Brooklyn’s building bonanza
Developers in the borough are constructing new (and big) rental towers in force
At 88 Willoughby Street in Downtown Brooklyn, for example, the real estate investment trust AvalonBay Communities is developing an 861-rental-unit apartment tower. A few blocks away on Schermerhorn Street, developer Douglas Steiner is building a 720-unit rental. Meanwhile, Jeffrey Levine’s Douglaston Development, the company behind the Edge condominium, is planning a 40-story, 510-unit rental tower at 1 North 4th Place in Williamsburg, the third Northside Piers building.
Sources say the pipeline for new Brooklyn developments is far fuller than it’s been in recent years, due to the revival of stalled projects and the increasing willingness of lenders to finance projects in the outer boroughs.
The construction of these mega rental projects in Brooklyn offers a clear contrast to Manhattan, where high-end condos make better financial sense for developers faced with ballooning land prices. In Brooklyn, where land is cheaper and lending for condos is still tight, the economics of rentals are more attractive right now, industry experts said.
In Brooklyn, “you buy land for 65 percent less than you could in Manhattan, but the rent [you’re collecting] is not 65 percent less,” explained Andrew Barrocas, CEO of residential and investment sales brokerage MNS. “It might be just 15 or 20 percent less.”
In the recent past, about 70 percent of the city’s new rental development occurred in Manhattan, according to a report by the real estate marketing and consulting firm Nancy Packes Inc. But for projects slated to hit the market in 2013 and 2014, it’s a different story. Indeed, 70 percent of the city’s new rental developments launching this year and next is actually slated for Brooklyn and Queens — with a strong emphasis on Brooklyn.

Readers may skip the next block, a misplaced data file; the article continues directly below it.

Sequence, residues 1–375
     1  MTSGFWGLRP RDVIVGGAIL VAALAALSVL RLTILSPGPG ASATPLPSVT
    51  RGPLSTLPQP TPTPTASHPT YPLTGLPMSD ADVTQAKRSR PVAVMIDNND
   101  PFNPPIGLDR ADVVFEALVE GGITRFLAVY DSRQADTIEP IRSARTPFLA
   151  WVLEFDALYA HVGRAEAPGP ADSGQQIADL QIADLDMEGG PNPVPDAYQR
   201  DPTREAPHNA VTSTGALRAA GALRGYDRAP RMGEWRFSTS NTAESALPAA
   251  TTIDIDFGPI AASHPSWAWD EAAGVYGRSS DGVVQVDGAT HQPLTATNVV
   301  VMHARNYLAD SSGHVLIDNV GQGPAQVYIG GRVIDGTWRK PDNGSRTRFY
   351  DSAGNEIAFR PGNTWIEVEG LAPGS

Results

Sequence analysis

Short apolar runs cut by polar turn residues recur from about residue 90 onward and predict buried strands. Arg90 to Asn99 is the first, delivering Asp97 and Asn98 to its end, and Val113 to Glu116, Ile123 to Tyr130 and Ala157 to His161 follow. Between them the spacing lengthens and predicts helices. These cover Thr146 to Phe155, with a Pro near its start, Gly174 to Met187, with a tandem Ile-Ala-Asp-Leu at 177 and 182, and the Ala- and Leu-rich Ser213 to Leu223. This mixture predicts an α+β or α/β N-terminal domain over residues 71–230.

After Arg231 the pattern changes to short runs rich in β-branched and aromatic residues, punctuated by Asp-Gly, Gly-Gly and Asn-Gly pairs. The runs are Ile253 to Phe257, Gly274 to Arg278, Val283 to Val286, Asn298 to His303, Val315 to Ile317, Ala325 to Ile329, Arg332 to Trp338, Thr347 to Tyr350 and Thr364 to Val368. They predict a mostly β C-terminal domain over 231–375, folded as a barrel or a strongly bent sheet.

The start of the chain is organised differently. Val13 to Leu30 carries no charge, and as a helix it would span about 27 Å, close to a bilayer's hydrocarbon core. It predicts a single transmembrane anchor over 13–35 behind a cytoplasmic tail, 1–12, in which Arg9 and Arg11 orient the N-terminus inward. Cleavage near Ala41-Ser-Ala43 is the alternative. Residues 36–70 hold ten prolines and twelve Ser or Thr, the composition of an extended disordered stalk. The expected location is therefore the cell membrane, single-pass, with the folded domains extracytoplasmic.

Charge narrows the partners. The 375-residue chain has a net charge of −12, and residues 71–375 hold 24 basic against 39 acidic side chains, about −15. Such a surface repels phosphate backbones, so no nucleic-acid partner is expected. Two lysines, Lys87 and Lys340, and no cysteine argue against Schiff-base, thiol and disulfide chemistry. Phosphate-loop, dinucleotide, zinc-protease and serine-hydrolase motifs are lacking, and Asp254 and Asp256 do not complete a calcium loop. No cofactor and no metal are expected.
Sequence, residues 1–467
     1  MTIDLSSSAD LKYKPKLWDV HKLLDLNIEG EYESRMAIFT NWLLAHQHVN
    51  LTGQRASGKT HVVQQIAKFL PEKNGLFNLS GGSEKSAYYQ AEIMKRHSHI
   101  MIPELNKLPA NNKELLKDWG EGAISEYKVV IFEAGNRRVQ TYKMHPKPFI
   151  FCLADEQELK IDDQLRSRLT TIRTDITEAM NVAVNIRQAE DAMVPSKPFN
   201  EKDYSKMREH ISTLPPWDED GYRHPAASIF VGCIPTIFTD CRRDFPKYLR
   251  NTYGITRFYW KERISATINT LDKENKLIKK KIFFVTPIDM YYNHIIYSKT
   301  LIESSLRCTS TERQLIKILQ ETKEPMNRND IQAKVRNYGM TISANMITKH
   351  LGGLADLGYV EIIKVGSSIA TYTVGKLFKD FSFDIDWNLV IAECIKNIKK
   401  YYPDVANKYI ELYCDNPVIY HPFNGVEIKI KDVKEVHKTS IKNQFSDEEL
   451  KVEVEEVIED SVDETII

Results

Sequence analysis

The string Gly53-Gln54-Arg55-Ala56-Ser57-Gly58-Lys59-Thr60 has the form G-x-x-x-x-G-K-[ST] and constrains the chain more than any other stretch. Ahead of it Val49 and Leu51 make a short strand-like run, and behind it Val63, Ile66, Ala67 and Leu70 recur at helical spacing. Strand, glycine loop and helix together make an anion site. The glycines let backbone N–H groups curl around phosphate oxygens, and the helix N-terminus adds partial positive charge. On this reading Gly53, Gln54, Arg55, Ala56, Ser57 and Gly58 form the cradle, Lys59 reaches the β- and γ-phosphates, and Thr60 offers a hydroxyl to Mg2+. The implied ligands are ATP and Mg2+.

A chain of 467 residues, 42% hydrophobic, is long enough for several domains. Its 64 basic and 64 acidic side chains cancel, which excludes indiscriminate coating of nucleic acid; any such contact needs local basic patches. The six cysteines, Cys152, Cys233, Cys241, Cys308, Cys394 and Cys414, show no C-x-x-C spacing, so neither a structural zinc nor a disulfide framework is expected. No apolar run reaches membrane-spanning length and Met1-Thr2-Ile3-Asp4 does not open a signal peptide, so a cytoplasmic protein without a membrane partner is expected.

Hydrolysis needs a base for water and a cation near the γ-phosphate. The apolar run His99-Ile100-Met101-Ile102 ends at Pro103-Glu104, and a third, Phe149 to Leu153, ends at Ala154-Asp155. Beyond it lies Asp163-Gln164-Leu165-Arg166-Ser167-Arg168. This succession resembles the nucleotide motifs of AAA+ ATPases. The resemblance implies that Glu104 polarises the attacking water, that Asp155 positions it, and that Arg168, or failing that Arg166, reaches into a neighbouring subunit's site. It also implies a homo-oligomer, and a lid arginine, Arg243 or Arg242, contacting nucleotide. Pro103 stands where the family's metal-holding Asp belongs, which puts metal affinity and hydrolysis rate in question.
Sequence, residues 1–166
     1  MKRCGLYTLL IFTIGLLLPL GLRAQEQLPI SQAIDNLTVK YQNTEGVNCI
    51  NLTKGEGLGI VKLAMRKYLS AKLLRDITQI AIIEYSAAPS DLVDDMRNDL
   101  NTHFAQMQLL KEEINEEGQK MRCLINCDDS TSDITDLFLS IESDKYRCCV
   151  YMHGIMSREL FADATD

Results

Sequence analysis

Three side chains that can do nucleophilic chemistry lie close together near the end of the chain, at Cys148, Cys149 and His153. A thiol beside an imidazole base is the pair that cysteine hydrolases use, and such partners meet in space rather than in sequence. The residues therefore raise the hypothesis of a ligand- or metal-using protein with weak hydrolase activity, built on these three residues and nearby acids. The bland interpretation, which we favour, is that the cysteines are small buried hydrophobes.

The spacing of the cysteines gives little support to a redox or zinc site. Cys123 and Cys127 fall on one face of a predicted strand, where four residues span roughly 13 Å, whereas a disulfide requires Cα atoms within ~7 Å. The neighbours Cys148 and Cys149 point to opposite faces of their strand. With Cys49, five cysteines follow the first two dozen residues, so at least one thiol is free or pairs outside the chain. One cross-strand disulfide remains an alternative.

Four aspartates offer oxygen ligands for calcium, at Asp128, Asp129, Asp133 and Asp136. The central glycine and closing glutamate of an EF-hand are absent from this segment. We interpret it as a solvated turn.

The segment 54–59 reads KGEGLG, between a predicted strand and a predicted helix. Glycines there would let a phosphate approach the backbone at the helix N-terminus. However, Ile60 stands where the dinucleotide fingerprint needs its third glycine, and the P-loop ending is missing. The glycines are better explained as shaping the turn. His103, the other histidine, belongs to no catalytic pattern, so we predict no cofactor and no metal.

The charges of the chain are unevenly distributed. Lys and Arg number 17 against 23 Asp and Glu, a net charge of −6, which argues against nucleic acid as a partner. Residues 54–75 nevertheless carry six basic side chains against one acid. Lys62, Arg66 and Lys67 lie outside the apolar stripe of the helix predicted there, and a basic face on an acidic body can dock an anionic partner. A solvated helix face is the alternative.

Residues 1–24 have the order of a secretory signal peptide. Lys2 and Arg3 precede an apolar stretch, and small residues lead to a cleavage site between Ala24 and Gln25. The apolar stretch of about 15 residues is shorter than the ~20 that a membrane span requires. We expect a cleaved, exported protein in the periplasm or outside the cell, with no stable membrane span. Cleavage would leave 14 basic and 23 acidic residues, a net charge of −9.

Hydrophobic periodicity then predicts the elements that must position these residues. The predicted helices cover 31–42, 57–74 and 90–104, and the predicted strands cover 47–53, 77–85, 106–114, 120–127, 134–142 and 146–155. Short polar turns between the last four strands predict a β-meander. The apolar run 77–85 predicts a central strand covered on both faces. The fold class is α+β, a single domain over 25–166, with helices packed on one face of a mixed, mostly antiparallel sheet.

This month, using data from real estate website StreetEasy, building permit applications from the city’s Department of Buildings, news reports and our own research, The Real Deal culled together a compendium of new residential projects with 20 or more units in prime Brooklyn neighborhoods. According to our analysis, there are approximately 100 of these buildings — with at least 14,000 units — slated to hit the market in 2013 or later (see accompanying chart).
The flood of new inventory will be concentrated predominantly in Downtown Brooklyn, where, in addition to the projects by Steiner and AvalonBay, the Stahl Organization is building a 378-unit condo-and-rental tower at 388 Bridge Street, and the Dermot Company is developing 326 rental apartments at 66 Rockwell Place.
Williamsburg, of course, also remains a prime location for new development, with at least 3,000 units slated to come online in the next several years. The Chetrit Group, the Manhattan-based developer, is planning a 234-unit residential building at 500 Metropolitan Avenue in that neighborhood. And after securing a $50 million construction loan last year, the investment and development company LCOR is now erecting a 232-unit rental building at 250 North 10th Street.
The Brooklyn projects in the pipeline tend to be substantially bigger than what’s being built in Manhattan. That’s partly due to the sweeping 2004 rezoning of Downtown Brooklyn, which allowed developers to build residential towers on a scale impossible in Manhattan, where few viable development sites remain, and the ones that do exist have largely been largely picked over.
In wake of the rezoning, developers gobbled up prime sites in the neighborhood quickly and, in many cases, cobbled together lots that can accommodate hundreds of residential units. To assemble its Willoughby Street site, for example, AvalonBay, which is headed by CEO Tim Naughton, paid United American $125.5 million for 11 properties in a series of sales between 2008 and 2012.